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Growing yacon question

Anyone here grown yacon?

We bought three roots from Real Seed this year, did as instructed - started in greenhouse in pot, didn't water much - and up they came quite splendidly. Now it is time to plant them out. Their website says they do well in most places, and that you harvest by digging up the roots, taking off the tubers.

So my questions are:

If you leave a yacon in the ground over winter, with its tubers, what happens?

Does it survive?

Does it spread?

Was kind of hoping the answers would be "yes" so I can plant the three yacon, maybe harvest one, leave the other two to spread and in future years just harvest the outer edges of the clump (assuming I like what I harvest this year).

*cracks knuckles*

I'll have to post pictures actual computer zero but here goes...
I haven't known yacon to overwinter oitside but I haven't tested it either. The tubers are quite shallow and have a high water content, so I think prone to frost and rot.
What forms for each plant just under the soil is a bunch of dormant growing tips/buds. Then underneath these you have the big storage tubers. At harvest you take nearly all the storge tubers and stuff them in your greedy face (unless that's just me?). Keep one or two smaller storage tubers attached to the crown of buds to help water balance over winter. Next spring when it's time to plant, split that crown up. I could have got 20 new plants from one crown if I'd been delicate.

So yes, it will multiply fast with a bit of input.


So if tubers are near the surface, it doesn't need lots of deep well dug soil?
(As in not my very best veg patch, but somewhere not so good.)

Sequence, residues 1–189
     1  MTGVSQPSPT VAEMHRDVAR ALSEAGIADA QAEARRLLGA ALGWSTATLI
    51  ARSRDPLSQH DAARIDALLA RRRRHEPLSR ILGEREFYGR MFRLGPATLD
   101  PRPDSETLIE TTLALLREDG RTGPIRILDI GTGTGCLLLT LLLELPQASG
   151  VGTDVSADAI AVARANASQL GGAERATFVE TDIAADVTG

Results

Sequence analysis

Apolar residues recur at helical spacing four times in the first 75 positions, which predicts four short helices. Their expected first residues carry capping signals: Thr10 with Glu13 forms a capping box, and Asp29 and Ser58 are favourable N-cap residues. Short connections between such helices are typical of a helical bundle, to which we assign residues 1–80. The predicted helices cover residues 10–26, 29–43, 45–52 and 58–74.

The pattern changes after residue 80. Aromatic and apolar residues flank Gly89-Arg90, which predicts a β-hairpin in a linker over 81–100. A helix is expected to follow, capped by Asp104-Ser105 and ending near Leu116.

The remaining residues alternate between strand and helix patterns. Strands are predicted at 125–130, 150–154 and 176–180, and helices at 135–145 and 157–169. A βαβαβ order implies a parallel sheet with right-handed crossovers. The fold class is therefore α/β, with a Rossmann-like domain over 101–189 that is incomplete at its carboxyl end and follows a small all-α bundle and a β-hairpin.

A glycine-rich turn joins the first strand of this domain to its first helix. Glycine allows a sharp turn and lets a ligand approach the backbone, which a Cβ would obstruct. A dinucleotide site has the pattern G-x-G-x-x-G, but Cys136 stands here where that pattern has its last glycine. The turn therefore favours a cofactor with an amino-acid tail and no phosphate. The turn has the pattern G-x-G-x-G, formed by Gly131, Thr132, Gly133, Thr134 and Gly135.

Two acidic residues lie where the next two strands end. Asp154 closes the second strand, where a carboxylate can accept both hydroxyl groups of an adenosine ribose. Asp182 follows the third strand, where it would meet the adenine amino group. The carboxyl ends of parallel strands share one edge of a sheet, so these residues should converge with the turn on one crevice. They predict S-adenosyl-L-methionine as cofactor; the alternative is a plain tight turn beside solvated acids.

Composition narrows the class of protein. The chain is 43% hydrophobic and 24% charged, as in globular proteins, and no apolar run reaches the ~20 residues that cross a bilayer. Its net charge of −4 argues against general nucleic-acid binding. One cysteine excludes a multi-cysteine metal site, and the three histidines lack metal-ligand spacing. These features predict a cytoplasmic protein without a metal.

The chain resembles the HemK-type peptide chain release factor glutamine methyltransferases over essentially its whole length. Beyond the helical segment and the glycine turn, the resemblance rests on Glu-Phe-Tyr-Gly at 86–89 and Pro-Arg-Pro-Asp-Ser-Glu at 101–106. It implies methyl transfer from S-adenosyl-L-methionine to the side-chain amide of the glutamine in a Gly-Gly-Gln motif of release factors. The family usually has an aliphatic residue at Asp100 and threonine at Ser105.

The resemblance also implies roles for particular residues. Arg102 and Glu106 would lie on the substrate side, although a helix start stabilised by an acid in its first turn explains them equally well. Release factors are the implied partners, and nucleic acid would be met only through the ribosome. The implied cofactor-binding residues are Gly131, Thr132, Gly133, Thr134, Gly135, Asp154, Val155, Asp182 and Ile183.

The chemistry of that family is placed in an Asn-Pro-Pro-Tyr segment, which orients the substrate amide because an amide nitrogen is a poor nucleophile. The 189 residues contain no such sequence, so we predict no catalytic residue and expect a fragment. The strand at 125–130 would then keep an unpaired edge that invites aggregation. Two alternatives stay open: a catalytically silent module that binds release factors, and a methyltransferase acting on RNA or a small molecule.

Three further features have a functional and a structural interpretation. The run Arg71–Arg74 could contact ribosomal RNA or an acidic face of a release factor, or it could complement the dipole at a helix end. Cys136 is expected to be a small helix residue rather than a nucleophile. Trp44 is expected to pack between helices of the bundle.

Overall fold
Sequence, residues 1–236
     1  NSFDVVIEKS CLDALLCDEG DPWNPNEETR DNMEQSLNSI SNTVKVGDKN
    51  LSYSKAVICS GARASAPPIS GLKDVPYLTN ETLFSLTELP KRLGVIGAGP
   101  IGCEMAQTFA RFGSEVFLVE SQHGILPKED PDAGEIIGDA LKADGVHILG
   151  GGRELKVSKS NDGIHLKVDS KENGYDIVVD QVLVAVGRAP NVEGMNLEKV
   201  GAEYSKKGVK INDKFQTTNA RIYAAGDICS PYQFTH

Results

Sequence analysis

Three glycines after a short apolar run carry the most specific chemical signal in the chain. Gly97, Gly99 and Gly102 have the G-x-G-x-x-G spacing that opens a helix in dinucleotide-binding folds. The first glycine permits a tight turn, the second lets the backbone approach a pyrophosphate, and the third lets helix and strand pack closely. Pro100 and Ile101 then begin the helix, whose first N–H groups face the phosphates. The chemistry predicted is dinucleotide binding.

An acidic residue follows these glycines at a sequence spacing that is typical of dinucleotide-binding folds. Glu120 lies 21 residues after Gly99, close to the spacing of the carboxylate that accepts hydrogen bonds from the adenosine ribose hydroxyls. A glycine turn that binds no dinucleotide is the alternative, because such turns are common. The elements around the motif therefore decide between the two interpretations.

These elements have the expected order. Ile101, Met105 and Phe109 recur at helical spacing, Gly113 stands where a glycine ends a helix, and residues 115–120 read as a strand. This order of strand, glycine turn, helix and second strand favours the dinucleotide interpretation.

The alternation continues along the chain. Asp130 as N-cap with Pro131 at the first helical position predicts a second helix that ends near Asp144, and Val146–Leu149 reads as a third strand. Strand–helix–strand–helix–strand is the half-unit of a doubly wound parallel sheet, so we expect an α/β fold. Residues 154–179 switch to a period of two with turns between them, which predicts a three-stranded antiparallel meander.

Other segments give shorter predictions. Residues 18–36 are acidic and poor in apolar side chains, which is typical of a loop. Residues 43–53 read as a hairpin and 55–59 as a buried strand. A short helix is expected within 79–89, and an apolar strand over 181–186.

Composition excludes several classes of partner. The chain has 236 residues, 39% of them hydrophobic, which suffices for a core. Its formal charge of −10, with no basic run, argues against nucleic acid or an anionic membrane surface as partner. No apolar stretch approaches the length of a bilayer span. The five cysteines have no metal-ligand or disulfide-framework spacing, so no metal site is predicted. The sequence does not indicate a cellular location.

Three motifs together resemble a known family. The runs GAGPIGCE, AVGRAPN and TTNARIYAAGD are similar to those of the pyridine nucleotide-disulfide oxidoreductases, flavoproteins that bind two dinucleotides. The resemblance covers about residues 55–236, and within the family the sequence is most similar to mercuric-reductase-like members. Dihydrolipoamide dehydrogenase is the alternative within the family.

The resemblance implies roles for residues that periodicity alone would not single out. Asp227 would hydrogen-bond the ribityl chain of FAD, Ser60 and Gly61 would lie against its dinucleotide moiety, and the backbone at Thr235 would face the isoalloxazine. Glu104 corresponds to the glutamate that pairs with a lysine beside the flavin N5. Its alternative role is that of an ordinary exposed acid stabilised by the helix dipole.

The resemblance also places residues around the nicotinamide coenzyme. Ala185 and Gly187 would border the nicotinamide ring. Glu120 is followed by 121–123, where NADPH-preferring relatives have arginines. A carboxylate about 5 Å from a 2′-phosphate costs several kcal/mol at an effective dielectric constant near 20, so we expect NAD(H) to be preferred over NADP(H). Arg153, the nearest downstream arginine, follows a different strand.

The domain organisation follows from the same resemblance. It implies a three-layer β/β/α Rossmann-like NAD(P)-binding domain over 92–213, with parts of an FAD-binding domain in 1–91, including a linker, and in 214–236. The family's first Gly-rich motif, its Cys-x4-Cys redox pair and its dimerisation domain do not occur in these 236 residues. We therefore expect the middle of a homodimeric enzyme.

I do no-dig, they struggled a little in cold wet clay that hadn't been mulched enough, but this resulted in geeral smaller sizerather than deformed roots. This year we are further south amongst old chicken bedding! I don't think they need coddling. They could get very tall, in which case wind might be an issue? Frost nips and eventually kills the foliage.
Perhaps you could leave one "free range" and report what happens? Very Happy

Thanks NMG

I am feeling a leaning to putting them in tubs for this year and moving them into the greenhouse to overwinter. Might or might not. Smile

They'll grow happily in tubs but be aware if they grow well they can deform the tubs. Something black bucket sized would be ok but ideally much larger.

I've grown it in black buckets and, when the foliage has died down, moved the whole bucket into a frost free garage/shed/spare room until needed or until I need to grow the next year.

Down here in Devon they've overwintered outside ok, but then we didn't have a hard frost last year. As mentioned, they can be susceptible to frost so if you get harsh ones it's best to treat them like a dahlia and lift and store somewhere frost free. Even if you can leave them outside you'll get a better crop if you can lift them and start growing the small growing tips early in the year, left to their own devices they'll grow quite late.
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